Eric Nudleman, UCSD
RETINA Roundup Editor
In Volume 1, Issue 2 of RETINA, Steve Charles, MD published the first series of patients to receive endophotocoagulation during vitrectomy surgery (1). Prior to this development, retinopexy required cryotherapy or a slit lamp mounted photocoagulator. The device Dr. Charles introduced was a modified portable xenon arc light in a “compact and light weight” system (Fig 1).
The freestanding unit weighed approximately 50 lbs, and was equipped with a reusable 20 gauge fiberoptic probe with a fixed length of 57 cm (Fig 2).
In his series of 169 eyes of various indications (including retinal tears, PDR, IOFB, macular hole detachment and NVG), Dr. Charles initially did not have a barrier filter. He noted “a brief after-image is sometimes present following each coagulation”, and therefore subsequently modified the microscope to include a neutral density light filter to reduce the light intensity to the surgeon’s eyes. To obtain coagulation at an appropriate size, the probe needed to be held a half a millimeter or less from the surface of the retina.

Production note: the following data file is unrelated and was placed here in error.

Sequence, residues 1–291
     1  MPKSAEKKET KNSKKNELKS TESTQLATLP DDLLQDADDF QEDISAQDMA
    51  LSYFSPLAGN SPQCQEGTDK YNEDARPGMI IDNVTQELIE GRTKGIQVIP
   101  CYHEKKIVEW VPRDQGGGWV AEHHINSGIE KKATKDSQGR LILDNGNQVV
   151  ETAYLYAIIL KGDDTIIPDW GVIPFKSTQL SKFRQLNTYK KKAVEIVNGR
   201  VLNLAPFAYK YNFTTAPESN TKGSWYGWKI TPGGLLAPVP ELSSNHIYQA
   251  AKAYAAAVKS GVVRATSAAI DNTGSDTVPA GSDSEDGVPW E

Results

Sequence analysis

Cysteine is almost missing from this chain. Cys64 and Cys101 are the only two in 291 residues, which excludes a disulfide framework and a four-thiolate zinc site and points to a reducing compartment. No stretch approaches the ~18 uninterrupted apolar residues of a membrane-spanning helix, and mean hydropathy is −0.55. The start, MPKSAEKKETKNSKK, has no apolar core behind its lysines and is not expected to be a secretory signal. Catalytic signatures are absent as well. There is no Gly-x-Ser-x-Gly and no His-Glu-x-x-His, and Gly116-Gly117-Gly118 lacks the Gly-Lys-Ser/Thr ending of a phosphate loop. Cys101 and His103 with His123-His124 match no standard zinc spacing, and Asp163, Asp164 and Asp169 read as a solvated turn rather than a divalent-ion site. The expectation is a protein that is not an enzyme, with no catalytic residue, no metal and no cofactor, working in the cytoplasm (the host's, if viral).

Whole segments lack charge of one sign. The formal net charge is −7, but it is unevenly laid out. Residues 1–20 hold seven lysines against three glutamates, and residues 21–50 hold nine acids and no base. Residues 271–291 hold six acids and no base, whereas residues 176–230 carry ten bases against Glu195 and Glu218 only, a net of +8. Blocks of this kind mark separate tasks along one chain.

Clearly, the impact of this innovation has been enormous. We caught up with Dr. Charles to ask a few questions about his early experience with the device.
Nudleman: Its hard to imagine vitrectomy without endolaser today. Was there an obvious need at the time?
Charles: Machemer used traditional trans-scleral cryo for retinopexy and PRP was just getting going; many of the vitrectomies were for diabetic vitreous hemorrhage or TRD.
Other than the after image, what were the challenges of using this equipment?
The first device I built at NEI used a xenon source and fiber bundle, not a single fiber; the thermal energy damaged the fibers.
How long did it take to deliver a full PRP?
My guess is 5-10 minutes; large spot size.
Have you seen patients that were treated as followup in recent years? Is there anything unique about their scars?
Did this device make it into widescale production?
Yes Clinitex made many fiber delivery system for the Log II source invented by Patrick O’Malley for conventional photocoagulation.
You have been a pioneer in instrument development for decades. How do you think the pathway has changed?
Greater system complexity, higher regulatory costs and development budgets and timelines.
(1) Charles, S. Endophotocoagulation. RETINA. 1:117-120, 1981.